But this year Hodge returned to N.C. State even though he was the league's player of the year last season. There was talk that Paul wasn't going to return to Wake Forest for his sophomore season, but he did. And staying at Wake with him were shooter Justin Gray and a heavyweight forward named Eric Williams. Duke graduated Chris Duhon and lost Luol Deng to the NBA but kept J.J. Redick and Shelden Williams. Georgia Tech returned the league's only true low-post center in Luke Schenscher, plus the preposterously explosive Ismail Muhammad, point guard Jarrett Jack, who may be better suited for the NBA than Paul, and the team's best player, B.J. Elder.

North Carolina freshman reserve Marvin Williams is said by some NBA scouts to be not only the most talented player the Tar Heels have, which is saying something considering he shares the floor with Sean May and Raymond Felton, but also one of the two or three most talented players in the conference. Felton analyzes a basketball game in the same vivid detail as a golfer who remembers the direction every blade of grass was blowing when he lines up his stroke.

Having Jack, Felton and Paul playing the point at one time gives the ACC a level of playmaking talent no other conference can come close to. Miami's Guillermo Diaz isn't a classic assist guard but reminds some folks of a young Steve Francis. The players are talented and in just about every case they're playing for good coaches.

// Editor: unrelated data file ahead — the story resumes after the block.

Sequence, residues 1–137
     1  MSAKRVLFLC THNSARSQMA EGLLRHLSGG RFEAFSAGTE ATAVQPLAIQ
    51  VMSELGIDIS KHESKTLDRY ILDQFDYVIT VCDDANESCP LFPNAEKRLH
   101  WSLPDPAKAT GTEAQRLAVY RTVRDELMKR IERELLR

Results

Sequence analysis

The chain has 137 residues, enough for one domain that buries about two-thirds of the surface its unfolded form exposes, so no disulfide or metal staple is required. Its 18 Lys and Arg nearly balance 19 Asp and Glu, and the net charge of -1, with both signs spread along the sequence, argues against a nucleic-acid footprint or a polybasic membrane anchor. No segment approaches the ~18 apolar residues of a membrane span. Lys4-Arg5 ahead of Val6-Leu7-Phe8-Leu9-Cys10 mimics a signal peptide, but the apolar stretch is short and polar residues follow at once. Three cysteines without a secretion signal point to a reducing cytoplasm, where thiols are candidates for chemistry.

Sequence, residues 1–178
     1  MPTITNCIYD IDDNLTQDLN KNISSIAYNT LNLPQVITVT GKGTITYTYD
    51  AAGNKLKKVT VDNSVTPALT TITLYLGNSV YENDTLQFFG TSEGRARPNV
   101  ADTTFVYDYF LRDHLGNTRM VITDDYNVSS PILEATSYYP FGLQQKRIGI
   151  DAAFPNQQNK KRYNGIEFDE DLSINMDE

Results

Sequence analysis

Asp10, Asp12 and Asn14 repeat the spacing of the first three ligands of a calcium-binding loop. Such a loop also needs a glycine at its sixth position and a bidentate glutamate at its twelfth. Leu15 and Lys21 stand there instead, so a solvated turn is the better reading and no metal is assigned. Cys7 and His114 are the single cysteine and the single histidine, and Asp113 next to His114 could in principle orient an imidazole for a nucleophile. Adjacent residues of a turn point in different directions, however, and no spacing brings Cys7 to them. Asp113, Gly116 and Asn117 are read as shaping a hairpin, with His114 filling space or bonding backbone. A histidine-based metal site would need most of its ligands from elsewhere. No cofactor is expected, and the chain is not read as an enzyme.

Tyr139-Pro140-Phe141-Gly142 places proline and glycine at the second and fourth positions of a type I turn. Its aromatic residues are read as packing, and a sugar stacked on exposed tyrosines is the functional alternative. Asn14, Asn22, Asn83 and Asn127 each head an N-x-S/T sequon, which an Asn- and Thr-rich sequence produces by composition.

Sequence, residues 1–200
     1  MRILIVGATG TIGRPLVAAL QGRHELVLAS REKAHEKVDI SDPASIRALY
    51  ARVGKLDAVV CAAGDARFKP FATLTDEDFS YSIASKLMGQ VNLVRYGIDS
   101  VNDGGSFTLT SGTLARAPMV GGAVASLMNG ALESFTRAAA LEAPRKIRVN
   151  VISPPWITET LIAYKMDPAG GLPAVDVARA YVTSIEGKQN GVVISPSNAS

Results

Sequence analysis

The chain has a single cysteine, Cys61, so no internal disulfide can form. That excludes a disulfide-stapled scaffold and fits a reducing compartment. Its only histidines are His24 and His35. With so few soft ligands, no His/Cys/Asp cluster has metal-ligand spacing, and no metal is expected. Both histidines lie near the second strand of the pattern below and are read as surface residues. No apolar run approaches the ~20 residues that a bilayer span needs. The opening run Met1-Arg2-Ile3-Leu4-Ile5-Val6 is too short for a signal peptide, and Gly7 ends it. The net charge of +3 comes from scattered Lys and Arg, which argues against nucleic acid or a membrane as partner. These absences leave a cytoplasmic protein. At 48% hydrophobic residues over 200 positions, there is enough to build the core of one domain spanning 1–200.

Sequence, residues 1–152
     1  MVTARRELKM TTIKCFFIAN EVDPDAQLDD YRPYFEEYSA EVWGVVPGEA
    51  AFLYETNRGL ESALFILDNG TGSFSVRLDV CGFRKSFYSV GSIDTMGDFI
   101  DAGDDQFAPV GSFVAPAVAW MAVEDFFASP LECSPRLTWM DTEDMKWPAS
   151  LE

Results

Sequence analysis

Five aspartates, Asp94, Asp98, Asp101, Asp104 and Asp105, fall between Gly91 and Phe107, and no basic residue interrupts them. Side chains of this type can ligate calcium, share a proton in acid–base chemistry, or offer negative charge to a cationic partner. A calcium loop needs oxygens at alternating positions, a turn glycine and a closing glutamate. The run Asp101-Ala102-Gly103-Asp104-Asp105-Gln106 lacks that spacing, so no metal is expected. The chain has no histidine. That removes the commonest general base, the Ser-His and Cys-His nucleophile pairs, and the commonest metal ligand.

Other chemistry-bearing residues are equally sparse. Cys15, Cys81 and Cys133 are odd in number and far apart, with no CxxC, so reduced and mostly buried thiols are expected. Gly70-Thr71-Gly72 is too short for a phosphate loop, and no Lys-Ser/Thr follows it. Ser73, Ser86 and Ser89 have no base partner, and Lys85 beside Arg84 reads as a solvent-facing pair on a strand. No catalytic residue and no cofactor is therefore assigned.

After losing to North Carolina, Clemson Coach Oliver Purnell said: "Nobody lets you up in this league. It's just a tough, tough league."

Of course, the wild card in all this is Georgia Tech. When Elder suffered a hamstring injury that greatly reduced Tech, a whole lot of people started jumping off the ACC bandwagon, especially with Maryland and N.C. State struggling and Duke at times appearing more vulnerable than we're accustomed to seeing the Blue Devils. It would be a pretty amazing feat for this Duke team, which has only modest talent, to earn a No. 1 seed. The Devils struggled at times with Virginia, which had plenty of incentive to keep their season going and extend the tenure of Coach Pete Gillen, who after seven years in Charlottesville is going to be looking for new work.

But the Yellow Jackets might be all the way back now, at least to the level of play they maintained through an 11-2 start. Elder, it should be noted, hit 8 of 14 shots, scored 19 points and led the 73-54 dismantling of Virginia Tech.

Georgia Tech could very well be the lowest-seeded team nobody wants to play in the NCAAs. The Yellow Jackets held the Hokies to 37 percent shooting, prompting Coach Paul Hewitt to say: "When we defend that way it makes us very optimistic about what we're capable of doing. I don't know if this puts us in. [But] we have a chance to take all the doubt out of the equation."

The Ramblin' Wreck played with the kind of passion and purpose that suggests it knows its close. So did N.C. State. You watch a day of quarterfinal play in the ACC, compare it to the play in other conferences, such as the awful Big Ten and the overrated Big 12, and it's easy to make a case for a sixth ACC team being invited to the NCAA tournament. Problem was, Maryland and Virginia Tech couldn't get that one victory in the conference tournament that would allow them to ride the coattails of the country's best basketball one more weekend.